Wisconsin Gov. Scott Walker brings to mind the effort by corporations and the Republican Party to castrate unions, both public and private.
Companies do not want to negotiate on wages and benefits that affect the bottom line. Corporations have benefited from the North American Free Trade Agreement and the Central American Free Trade Agreement, but have compromised their intent by shipping jobs offshore (China, South Korea, India), which has diminished the need for American workers. Manufacturing jobs in 1970 accounted for 25 percent of the U.S. work force; today that figure is only 7 percent.
What's puzzling is that 65 percent of white factory workers, who are struggling to keep or find a job, voted for Republicans in the 2010 elections. They may not be union members, but the pay they receive and the reason they are considered middle class is because of labor unions that fought to improve wages and working conditions. For South Carolina, the BMW workers are a good example of non-union workers getting wages comparable with union workers.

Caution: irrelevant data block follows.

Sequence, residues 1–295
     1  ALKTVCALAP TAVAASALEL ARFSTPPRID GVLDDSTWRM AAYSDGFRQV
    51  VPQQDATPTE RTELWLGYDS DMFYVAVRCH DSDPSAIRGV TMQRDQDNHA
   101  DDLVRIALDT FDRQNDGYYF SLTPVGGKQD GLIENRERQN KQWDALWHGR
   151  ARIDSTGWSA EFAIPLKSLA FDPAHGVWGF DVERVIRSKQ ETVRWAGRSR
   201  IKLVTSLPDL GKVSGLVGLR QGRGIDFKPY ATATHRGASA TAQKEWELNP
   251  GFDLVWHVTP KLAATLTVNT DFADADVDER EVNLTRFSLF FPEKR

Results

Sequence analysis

Take away collective bargaining for union workers and the wage scale for all workers will decrease. If the trend continues, the spread between the haves and the have-nots will increase drastically and many workers will drop out of the middle class.
Philip W. WolfeBluffton